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The Sages of Ashkenaz and Kitniyot

Whether Ashkenazim should continue to observe the prohibition of eating kitniyot on Passover has been discussed ad nauseam for quite some time. IMHO, do whatever you want and get over it. Personally, I eat any kitniyot which were not known in Ashkenaz during the 12-13th centuries, e.g. corn, when this custom took root and derivatives of any kitniyot. During the past year the opinion of Rabbi David Bar-Hayim has been getting a lot of coverage in the print and electronic media. (see here, here, and here) There are a number of small things in his words which I will not dwell on, but there is one major claim which we now know is simply incorrect. He claims that

The common denominator of all the Halakhic codifiers who mention this minhagh is easy to spot: they all resided in France.

What of Germany (Ashkenaz)? The medieval authorities there were either silent or openly opposed to the custom, exemplified by this statement of R. Ya’aqov, son of the Rosh, in his famous work the Tur: “This is an extreme stringency and it is not the custom”.

This is incorrect for two reasons. The first is that the custom was also known in Provence which is NOT the same geographic, cultural, nor halakhic area as Northern France. They must be treated as two distinct areas. The second reason is that we know that the prohibition of not eating kitniyot was already an established custom in Germany in the early 13th century. Dr. Simha Emmanuel has published from a ms. the sermon on Passover of Rabbi Eliezer of Worms (1176-1238). In his sermon Rabbi Eliezer states that “ומה שאין אוכלין פולין ועדשים, מפני שיש בהן חיטין” (“And that which they don’t eat beans and lentils is because they have in them wheat.”) See here. Not only does he state as a given the existence of this custom, but he also gives a different reason and this being that mixed in with “beans and lentils” is wheat. This reason for the prohibition reflects the reality of the most important new agricultural practice of this time period, the three-field rotation system. See the following quote from here.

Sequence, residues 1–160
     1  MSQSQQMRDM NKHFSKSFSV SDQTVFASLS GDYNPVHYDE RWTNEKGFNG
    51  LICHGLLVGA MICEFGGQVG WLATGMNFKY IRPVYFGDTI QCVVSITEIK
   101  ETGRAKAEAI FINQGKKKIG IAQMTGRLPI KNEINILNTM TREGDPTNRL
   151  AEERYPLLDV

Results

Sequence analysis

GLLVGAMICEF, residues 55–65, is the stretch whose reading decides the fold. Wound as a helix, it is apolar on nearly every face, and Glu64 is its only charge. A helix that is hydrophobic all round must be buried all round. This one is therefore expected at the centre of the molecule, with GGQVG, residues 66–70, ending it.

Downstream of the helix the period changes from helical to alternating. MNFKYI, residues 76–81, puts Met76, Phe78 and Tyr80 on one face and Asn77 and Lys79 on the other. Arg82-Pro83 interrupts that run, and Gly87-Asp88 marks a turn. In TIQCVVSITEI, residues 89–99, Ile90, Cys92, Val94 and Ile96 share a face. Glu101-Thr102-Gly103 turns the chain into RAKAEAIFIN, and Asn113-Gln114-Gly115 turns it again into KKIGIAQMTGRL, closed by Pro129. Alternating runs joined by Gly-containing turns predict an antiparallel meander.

Still another component of the Agricultural Revolution of the Middle Ages was the development of the three-field rotation system. The classic two-field farming system of the Mediterranean regions of antiquity typically involved farming one field while leaving another fallow. In the new three-field pattern that arose on the European plain, arable land was divided into three fields with plantings rotated over a three-year cycle: two seasonal plantings employed two fields, a winter wheat crop and a spring crop of oats, peas, beans, barley, and lentils, with the third field left fallow.

As I said before, do whatever you want regarding the customary prohibition of eating kitniyot during Passover, but the claim that it has no basis in reality is now known to most likely be untrue.

2 Responses to “The Sages of Ashkenaz and Kitniyot”

  1. 1
    David Kagan:


    I do not believe the three field rotation was significant enough to generate a fear of Kitniot. The Mishna and Talmudim all discuss multiple crop rotations (even if only two) and more importantly fields of beans adjacent to grain fields (even the “spotted” fields within fields) and no one worried about Passover and Kitniyot.

    I would suggest the fear that generated the Issur of Kitniot was the encounter with oats. Oats are a northern European grain (unknown in the middle East). When the first settlers migrated to Ashkenaz, they would have encountered a new “grain” that looks and smells like one of the “Five Grains” but was not part of the original five. If I am not sure of the definition of “grain” regarding the Issur of Chametz, it is an easy matter to be strict and forbid Kitniot.

    This does not change your central thesis. The reason I prefer the oats hypothesis is that it is more significantly different than just the handling of crops or the location of the mill, which is not that different between Ashkenaz and Sephardic locales.

  2. 2
    Joe in Australia:

    I like the crop-rotation idea because it explains why the minhag arose at that time and spread quickly. I agree that the idea of bean fields planted near wheat fields wasn’t new, but this regular crop rotation changed farming practices. Now every farmer who grew wheat would also grow (and process and store) beans, so the storage houses would inevitably have some wheat kernels among the beans. Now every bean field had recently been used for wheat, and would inevitably have self-sown wheat growing among the bean stalks. The prohibition on kilayim may also have influenced the minhag, since the Torah explicitly warns us of the “taste” of one plant being transferred to another.




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